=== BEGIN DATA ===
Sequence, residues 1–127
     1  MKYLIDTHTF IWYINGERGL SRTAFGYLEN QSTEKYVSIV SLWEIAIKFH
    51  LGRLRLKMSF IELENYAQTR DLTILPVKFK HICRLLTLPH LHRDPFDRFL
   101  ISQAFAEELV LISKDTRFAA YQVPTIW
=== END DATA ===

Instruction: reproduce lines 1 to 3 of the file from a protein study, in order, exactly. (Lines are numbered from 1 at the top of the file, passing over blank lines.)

Sequence, residues 1–127
     1  MKYLIDTHTF IWYINGERGL SRTAFGYLEN QSTEKYVSIV SLWEIAIKFH
    51  LGRLRLKMSF IELENYAQTR DLTILPVKFK HICRLLTLPH LHRDPFDRFL